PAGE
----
Sleep apnea is the pauses of breathing during sleep and it is usually transient.
It can be diagnosed by Overnight sleep study in which doctors monitoring changes in different organ's oxygen level, heartbeat, the loudness of snoring and pauses of breathing during sleep. Other tests are Multiple sleep latency test measuring how quickly you fall asleep in a quiet environment during the day, Maintenance of wakefulness test measures how alert you are during the day.
Overweight, Enlarged tonsils, Family history, Allergies, Age over 40, Sinus problems, Small jaw bone, Fat around the neck area, being male.
Smoking, Alcohol, Sleeping pills, Sedatives — Promote sleep apnea as they can relax throat muscles which may lead to a collapse of the airway at night.
Type 2 diabetes, Heart problems, Liver disease, stroke, Hypertension.
1. Open your mouth as wide as possible, move your tongue down past your teeth as far as you can (as if you’re trying to lick your chin) which will lift the uvula. Do for 3-5 seconds at a time and repeat 5 times.
2. Singing is a great way to strengthen the muscles in your soft palate and upper throat so sing a song every day.
3. Push the tip of the tongue against the roof of your mouth and slide the tongue backward. Repeat 10 times.
4. Stretch for your soft palate - Open your mouth as wide as you can while saying “ah” in the back of the throat. Continue for 10 seconds. Close your mouth, wait 2-3 seconds, then repeat 10 times.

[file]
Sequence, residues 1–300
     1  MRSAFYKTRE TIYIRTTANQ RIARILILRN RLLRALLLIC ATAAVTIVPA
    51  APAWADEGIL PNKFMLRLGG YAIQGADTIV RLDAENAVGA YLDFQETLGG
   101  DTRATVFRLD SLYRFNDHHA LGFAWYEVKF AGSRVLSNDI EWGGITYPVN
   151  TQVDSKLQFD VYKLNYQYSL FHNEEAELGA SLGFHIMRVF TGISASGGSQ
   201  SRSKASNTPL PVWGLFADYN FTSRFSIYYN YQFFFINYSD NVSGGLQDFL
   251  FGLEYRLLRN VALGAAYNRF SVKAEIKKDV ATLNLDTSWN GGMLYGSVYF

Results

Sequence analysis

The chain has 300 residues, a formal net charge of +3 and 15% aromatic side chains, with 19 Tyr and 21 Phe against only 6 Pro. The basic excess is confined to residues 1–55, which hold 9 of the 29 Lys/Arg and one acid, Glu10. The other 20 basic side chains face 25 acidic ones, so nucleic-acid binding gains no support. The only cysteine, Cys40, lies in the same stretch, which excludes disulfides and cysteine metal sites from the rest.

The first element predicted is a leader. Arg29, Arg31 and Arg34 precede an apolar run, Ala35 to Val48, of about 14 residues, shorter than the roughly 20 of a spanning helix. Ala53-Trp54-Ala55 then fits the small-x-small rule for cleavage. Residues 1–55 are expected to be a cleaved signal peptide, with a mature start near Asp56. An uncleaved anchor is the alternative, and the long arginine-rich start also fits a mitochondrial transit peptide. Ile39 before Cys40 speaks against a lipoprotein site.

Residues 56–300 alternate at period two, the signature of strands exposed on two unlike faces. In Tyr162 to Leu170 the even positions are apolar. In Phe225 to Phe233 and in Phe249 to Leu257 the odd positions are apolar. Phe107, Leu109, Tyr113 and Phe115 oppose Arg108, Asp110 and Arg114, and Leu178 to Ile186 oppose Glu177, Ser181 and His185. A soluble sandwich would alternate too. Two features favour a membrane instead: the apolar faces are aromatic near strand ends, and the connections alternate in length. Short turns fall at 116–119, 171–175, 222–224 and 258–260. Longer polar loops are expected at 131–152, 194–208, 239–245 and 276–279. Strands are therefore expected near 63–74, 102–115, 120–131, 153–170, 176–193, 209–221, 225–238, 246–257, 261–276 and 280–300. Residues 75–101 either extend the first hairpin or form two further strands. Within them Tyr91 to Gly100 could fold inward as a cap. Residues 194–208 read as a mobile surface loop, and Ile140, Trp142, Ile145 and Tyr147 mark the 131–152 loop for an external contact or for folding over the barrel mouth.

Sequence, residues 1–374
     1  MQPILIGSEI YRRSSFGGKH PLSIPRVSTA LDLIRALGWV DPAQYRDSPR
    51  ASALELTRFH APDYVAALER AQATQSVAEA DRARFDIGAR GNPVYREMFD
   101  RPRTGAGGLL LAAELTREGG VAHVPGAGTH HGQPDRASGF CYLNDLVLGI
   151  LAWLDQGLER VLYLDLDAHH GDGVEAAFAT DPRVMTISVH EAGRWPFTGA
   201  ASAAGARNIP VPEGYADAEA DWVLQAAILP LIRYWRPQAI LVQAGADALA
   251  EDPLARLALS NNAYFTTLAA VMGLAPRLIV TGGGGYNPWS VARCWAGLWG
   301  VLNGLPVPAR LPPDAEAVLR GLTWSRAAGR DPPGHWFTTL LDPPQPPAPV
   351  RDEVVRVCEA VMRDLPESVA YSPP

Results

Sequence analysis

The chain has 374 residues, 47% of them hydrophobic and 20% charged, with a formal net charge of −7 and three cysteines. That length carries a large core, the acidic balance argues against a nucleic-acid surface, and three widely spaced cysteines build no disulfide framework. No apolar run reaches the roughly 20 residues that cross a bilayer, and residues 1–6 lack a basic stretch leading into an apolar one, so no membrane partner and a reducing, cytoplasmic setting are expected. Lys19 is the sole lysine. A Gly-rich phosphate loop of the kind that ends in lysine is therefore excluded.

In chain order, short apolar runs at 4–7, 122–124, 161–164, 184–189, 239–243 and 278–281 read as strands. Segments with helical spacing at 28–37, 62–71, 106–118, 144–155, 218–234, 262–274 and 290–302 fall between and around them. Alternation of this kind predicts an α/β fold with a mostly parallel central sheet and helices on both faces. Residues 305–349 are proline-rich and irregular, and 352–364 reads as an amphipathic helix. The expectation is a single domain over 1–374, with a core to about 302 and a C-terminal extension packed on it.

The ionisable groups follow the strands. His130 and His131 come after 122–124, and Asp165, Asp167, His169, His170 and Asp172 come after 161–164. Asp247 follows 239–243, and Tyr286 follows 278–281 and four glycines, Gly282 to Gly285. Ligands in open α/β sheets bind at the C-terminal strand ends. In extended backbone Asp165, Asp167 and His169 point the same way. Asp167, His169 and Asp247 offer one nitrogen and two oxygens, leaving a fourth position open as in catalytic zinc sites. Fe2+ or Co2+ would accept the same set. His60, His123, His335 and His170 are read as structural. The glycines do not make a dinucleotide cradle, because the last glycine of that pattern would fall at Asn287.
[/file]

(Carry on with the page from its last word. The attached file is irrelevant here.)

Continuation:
5. Soft Palate Blowing - close your mouth and inhale gently through your nose, then press your lips together and exhale by blowing the air out from your mouth. Try to blow out air for 5 seconds and repeat 10 times, 5 times daily.
6. With your tongue in the resting position and your mouth closed, arch your tongue against the your mouth's roof and slide the tip of your tongue back as far as it will go along the mouth's roof. Keeping your tongue in this position, slowly open your mouth until your tongue can no longer rest on the mouth's roof. Repeat for 3 minutes, three times daily.
Oropharyngeal Exercises in Sleep Apnea has been proven to be very hopeful for people with Sleep Apnea.
Pranayama- Bhastrika, kapalbhati, ujjayi, anulom vilom
CPAP (continuous positive airway pressure) THERAPY - CPAP machine uses a mask or nosepiece to deliver constant and steady positive air pressure to your throat to ensure that your airway stays open during sleep. Very effective for treating the spontaneous pauses in breath associated with sleep apnea.
- Sleep on your side or abdomen instead of your back.
- Avoid fatty diet, alcohol, sleeping pills & sedatives.
- Regular exercise - try to get 30 minutes brisk walking at least 6 days/week.
Surgery: Surgery to stimulate a hypoglossal nerve, Jaw repositioning, implants, surgery to remove enlarged tonsil, Tissue removal (uvulopalatopharyngoplasty).